Natural resources can become a catalyst for growth and development in resource-rich developing countries if they are governed in a transparent and accountable manner. Unlocking the potential of the (extractive) resource sector requires addressing transparency and accountability as a crosscutting theme along the global value chains. The value chain analysis must begin with unpacking how such global and neoliberal notions as transparency and accountability are deployed in practice, especially in resource-rich developing countries. Focusing on mining communities, this dissertation carefully dissects how and what kind of transparency and accountability are enacted by actors in Kyrgyzstan. It critically reflects on the existing accounts that foreground elite strategies and political machines in the governance of post-Soviet societies and points to the need to explore non-elite agency in governing natural resources. The dissertation deconstructs resource politics in Kyrgyzstan by shedding light on how community power and networks are leveraged to play the 'game’ of transparency and accountability in resource governance.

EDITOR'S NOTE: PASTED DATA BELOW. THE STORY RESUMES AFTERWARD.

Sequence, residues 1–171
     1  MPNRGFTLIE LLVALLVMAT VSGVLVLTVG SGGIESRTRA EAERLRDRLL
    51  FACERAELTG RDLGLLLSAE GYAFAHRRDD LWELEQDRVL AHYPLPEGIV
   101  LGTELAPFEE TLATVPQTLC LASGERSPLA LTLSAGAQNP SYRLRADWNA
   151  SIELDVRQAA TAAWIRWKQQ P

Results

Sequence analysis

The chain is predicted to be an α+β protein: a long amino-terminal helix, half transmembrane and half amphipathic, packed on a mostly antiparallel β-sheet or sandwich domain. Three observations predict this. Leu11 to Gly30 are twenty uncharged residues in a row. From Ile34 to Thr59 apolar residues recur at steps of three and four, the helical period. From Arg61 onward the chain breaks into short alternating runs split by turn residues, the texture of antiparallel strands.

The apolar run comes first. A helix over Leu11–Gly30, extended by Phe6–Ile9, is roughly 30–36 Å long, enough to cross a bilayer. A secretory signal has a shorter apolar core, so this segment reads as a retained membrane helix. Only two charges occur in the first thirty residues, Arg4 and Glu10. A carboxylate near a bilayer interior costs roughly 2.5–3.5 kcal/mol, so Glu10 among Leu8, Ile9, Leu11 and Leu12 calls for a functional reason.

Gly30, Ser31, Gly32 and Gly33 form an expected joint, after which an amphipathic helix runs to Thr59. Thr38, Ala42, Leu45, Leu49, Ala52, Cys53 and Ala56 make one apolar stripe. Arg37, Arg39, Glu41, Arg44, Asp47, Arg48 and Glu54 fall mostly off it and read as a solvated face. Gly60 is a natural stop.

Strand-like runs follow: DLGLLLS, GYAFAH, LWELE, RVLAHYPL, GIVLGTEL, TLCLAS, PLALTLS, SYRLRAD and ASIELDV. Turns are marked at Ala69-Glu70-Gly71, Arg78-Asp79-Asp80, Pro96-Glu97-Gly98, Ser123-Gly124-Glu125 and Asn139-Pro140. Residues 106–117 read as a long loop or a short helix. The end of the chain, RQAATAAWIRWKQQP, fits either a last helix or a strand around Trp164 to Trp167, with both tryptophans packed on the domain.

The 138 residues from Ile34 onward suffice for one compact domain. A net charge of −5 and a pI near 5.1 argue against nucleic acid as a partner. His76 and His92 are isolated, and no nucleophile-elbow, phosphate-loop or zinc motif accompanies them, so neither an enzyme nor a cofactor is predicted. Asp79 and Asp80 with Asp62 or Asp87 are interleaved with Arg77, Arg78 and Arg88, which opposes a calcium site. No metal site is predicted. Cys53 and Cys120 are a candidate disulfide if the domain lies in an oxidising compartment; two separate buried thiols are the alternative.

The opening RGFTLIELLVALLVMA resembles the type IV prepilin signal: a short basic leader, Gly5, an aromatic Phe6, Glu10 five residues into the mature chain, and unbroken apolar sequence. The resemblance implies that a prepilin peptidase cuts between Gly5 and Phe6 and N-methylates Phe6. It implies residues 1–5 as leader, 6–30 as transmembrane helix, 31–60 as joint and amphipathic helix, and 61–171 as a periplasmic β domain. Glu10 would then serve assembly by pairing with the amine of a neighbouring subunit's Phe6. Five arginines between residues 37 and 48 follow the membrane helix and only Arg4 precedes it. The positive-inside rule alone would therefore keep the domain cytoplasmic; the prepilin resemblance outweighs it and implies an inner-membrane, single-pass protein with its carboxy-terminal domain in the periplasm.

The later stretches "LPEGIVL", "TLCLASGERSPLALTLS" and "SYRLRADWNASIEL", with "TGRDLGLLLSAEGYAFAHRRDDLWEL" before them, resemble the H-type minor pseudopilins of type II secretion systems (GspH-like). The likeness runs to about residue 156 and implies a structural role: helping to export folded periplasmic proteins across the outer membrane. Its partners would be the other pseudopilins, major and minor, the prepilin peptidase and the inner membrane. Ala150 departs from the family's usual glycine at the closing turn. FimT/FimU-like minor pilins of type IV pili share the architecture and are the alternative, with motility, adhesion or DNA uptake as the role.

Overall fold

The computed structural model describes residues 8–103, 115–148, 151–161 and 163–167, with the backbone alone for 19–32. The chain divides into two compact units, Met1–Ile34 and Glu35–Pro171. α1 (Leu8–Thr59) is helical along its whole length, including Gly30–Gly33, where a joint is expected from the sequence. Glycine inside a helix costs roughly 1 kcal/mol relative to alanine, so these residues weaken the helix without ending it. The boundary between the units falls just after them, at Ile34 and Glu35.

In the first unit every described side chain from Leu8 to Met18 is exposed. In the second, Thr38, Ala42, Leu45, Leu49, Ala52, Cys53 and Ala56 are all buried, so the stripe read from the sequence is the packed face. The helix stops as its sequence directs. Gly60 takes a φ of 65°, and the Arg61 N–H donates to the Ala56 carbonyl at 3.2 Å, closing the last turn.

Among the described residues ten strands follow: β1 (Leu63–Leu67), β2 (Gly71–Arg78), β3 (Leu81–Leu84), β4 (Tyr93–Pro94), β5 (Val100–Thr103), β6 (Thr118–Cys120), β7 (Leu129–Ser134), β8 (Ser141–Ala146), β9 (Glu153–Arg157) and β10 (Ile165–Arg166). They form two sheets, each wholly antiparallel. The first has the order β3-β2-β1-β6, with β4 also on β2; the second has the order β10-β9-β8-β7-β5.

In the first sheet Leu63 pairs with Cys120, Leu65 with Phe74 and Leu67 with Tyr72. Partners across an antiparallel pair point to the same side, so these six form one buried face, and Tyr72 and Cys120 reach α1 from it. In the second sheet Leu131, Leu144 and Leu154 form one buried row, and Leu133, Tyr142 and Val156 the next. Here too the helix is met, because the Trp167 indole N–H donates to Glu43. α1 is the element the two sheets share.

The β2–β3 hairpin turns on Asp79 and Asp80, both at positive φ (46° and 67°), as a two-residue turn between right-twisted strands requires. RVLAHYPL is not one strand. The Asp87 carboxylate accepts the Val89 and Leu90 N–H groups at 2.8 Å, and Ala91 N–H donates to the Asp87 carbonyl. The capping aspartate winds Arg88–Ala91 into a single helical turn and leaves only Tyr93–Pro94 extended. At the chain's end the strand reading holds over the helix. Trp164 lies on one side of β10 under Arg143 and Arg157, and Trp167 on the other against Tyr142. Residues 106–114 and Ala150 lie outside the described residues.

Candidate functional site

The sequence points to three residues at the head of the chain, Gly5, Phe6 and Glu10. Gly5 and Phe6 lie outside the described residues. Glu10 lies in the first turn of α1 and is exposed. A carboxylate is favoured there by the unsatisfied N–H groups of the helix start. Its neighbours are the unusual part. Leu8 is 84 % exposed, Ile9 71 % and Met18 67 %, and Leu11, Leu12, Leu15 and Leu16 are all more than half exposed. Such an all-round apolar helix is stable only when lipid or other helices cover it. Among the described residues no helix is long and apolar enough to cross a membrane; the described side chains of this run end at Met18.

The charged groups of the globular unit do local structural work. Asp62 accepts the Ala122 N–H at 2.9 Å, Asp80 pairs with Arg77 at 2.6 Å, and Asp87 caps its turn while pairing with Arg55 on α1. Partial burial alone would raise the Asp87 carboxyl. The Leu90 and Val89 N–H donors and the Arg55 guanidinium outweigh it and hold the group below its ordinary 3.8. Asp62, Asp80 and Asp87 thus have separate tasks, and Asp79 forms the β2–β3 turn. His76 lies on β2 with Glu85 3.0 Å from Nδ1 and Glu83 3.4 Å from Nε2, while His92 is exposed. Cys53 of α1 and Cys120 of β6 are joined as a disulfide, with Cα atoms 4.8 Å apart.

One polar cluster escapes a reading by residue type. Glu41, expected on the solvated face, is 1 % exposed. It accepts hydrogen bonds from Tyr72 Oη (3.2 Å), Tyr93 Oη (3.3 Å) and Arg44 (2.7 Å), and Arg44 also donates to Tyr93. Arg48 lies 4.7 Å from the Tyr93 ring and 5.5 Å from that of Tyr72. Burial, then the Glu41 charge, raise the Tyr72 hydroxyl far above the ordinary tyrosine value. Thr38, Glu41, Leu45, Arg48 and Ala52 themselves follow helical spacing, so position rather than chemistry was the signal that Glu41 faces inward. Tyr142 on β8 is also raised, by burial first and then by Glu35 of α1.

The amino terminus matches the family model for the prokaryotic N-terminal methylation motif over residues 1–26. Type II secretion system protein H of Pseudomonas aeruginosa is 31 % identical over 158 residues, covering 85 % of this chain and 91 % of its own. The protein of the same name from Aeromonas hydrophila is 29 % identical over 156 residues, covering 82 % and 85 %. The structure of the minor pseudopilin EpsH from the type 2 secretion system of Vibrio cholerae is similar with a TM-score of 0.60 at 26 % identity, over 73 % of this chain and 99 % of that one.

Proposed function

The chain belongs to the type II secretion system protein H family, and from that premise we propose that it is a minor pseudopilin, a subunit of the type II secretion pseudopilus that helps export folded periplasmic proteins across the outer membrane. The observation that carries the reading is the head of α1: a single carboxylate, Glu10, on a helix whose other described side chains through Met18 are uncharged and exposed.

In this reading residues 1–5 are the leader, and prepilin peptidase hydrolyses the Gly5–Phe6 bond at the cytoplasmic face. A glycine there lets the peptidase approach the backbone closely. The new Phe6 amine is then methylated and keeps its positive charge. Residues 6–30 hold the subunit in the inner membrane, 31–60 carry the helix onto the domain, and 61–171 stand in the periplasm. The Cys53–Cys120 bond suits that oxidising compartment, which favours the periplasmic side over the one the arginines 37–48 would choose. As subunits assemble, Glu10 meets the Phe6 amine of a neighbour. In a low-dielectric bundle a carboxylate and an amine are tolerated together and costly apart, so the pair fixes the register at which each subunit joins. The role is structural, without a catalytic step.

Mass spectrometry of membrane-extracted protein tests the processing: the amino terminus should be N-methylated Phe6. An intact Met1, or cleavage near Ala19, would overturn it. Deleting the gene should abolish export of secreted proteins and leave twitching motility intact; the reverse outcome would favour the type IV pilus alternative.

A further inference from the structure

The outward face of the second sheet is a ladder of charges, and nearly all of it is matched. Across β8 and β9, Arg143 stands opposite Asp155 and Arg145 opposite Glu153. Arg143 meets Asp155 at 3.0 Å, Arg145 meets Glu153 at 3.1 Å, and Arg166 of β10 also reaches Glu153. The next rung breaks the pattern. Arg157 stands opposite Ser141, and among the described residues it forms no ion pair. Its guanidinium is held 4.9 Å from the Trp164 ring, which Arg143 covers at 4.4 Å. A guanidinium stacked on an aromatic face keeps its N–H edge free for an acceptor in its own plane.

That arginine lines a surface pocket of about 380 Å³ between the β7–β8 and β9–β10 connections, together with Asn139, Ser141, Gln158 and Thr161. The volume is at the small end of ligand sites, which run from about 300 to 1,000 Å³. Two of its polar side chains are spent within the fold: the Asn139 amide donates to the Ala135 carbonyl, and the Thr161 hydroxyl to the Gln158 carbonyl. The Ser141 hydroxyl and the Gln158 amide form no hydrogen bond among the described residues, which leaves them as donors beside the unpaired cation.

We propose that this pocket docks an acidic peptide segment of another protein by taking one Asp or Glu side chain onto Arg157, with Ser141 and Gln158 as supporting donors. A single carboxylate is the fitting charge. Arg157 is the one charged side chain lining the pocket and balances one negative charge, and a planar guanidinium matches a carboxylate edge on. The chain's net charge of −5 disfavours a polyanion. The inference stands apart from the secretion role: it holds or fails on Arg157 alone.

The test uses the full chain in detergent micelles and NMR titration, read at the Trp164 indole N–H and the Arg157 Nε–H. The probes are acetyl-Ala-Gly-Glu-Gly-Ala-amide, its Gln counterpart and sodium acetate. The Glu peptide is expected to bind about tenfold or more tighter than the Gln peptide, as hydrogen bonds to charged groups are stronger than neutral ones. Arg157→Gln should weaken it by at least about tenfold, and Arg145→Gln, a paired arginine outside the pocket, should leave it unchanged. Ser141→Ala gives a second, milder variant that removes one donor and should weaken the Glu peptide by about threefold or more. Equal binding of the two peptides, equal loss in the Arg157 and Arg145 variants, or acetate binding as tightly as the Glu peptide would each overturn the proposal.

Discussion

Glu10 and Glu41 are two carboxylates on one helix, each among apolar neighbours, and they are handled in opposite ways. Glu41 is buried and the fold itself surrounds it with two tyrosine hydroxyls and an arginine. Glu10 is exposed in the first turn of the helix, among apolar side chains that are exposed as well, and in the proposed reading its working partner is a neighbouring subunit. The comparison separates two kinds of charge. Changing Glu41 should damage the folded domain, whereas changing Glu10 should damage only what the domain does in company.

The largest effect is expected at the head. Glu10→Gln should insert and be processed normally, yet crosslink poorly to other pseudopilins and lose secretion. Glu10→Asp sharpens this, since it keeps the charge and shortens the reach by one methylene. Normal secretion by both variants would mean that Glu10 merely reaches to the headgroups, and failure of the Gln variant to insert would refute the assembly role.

Date: 30 September 2020
Time: 10:00 - 11:30